John W. (John Woolf) Jordan.

Genealogical and personal history of western Pennsylvania; (Volume 2) online

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age; Lewis W., of whom further; Peter, died in April, 1886, aged forty
years, married Martha Caldwell ; children : Lula, deceased ; Anna, John,
Lyman W'.

Lewis W. Noah was born April 29, 1842, in Butler county, Pennsyl-
vania, on the old family homestead. He was educated in the local public
schools, and upon completing his general studies, he learned the trade of
carpenter, following the same throughout his life. He removed from his
rural surroundings to Allegheny City, Pennsylvania, where there was more
work to be done, and here continued to live for twenty-five years. In the
year 1890 he removed from Allegheny City to Ben Avon, Allegheny county,
Pennsylvania. Ben Avon was at that time called Killbuck township, and
there Mr. Noah built a house at No. 7318 Church avenue. Mr. Noah is a
member of the Republican party and takes a keen interest in all political
issues, whether of local or general bearing.

Mr. Noah married, in Alleghen}^ City, 1865, Elizabeth Pierce, of Butler
county, Pennsylvania, where she was born November 15. 1841. Mrs. Noah
was the daughter of Thomas and >Mary Ann (Bartley) Pierce, early settlers
in Butler county, and both deceased. Mrs. Noah was a member of the
L^nited Presbyterian Church, and her death occurred May 23, 1913. Mr. and
Mrs. Noah were the parents of four children, as follows: i. William
James, born in 1866; educated in the public schools of Allegheny; now a
machinist living in Ben Avon, Pennsylvania ; married May Smare, by whom
he has had one child, a daughter. May. 2. Ada May, educated in the public
schools of Allegheny and in Curry College, Pennsylvania, and now following
the profession of teaching in the schools of the Ninth Ward, Allegheny. 3.
Minnie Etta, educated also in the Allegheny public schools and in Curry
College, and now living at home with her parents. 4. Harry Addison, a
graduate of the Allegheny High School, and now a salesman and resident of
Pittsburgh, Pennsylvania. Adam Noah, a half-brother of Lewis W. Noah,
a son of his father by a former wife, and who had accompanied the elder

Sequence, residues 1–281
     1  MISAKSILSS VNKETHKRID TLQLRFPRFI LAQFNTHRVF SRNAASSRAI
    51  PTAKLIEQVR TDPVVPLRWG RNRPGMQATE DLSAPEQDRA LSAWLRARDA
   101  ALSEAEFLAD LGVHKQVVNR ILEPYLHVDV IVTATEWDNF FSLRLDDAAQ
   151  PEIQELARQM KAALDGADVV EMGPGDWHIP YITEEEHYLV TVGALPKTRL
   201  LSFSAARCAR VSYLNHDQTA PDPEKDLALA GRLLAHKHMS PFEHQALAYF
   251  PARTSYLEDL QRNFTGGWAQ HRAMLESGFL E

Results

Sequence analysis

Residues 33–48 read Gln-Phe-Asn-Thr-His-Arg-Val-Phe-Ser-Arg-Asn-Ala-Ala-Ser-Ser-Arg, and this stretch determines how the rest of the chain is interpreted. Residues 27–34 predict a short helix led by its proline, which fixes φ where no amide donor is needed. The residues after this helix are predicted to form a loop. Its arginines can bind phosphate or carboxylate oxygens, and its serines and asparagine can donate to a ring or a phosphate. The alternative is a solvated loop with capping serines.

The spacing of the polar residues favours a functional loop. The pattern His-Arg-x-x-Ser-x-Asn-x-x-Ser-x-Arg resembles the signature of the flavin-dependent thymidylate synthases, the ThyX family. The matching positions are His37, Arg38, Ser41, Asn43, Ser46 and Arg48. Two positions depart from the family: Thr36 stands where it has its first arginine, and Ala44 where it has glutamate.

Noah on his journey to the L^nited States, settled in West Virginia, and
there died about the year 1904.



WESTER X PEN X SYLVAN I A 553

Dr. William John Kline Snyder is a member of an old
SNYDER Pennsylvania family which for many generations has
been identified with the life and traditions of the western
part of the state.

(I) Peter Snyder, paternal grandfather of Dr. William j. K. Snyder,
was brought to Westmoreland ccjunty, i^ennsylvania, when but one year of
age, by his parents, who migrated there from some more eastern region.
The family settled on a farm, and there the parents eventually died. Mean-
while Peter Snyder grew up on the farm, until he became old enough to
learn a trade, when he chose carpentry, which he followed for a consider-
able time in his native place. At length, however, he decided to try his
fortunes still farther west, and accordingly went to Missouri, where in
course of time he died. His wife then returned to Westmoreland county
and lived with her son, Cyrus J. Snyder, until her death in 189 1, at the age
of eighty-four years. Peter Snyder married Lydia Rowe, a native of
Westmoreland county, Pennsylvania, where she was born. To them were
born eight children, as follows: Hezekiah, a resident of Missouri, now de-
ceased; Mary; I^ydia ; John; llettie, deceased; Lavinia, deceased; Cyrus
J., of whom further; Uriah, a physician of Delmont, Pennsylvania, who died
at the age of forty-two years. Mr. and Mrs. Peter Snyder were members
of the Reformed Church, and in that belief reared their large family of
children. Mr. Snyder was a Democrat in politics.

(II ) Cyrus J. Snyder, seventh child of Peter and Lydia ( Rowe; Snyder,
was lx)rn at Boquet, Westmoreland county, Pennsylvania, and there has
passed the greater part of his life. He was educated in the local schools.
He is a Democrat in politics, and with his wife attends the Denmark }iIanor
Reformed Church. He married Lydia Kline, also a native of Boquet, West-
moreland county, Pennsylvania, where she was born. Mrs. Snyder is a
daughter of John and Elizabeth ( Knappenberger) Kline, both of whom were
natives of Westmoreland county. ]\Ir. and Mrs. Kline were the parents of
nine children, as follows : William John, M.D., now a physician of Greens-
burg, Pennsylvania, in active practice ; Hezekiah, deceased ; Henry, deceased ;
Nichols; Hannah, deceased; Mary; Lydia, the mother of our subject; Amos;
Alpha, a minister of the Reformed Church at Grove City, Pennsylvania.
To 'Sir. and Mrs. Cyrus J. Snyder have been born two children, as follows:
Charles E., M.D., a practicing physician of Greensburg, Westmoreland
county, Pennsylvania; William John Kline, M.D., of whom further.

(III) Dr. William John Kline Snyder, second child of Cyrus J. and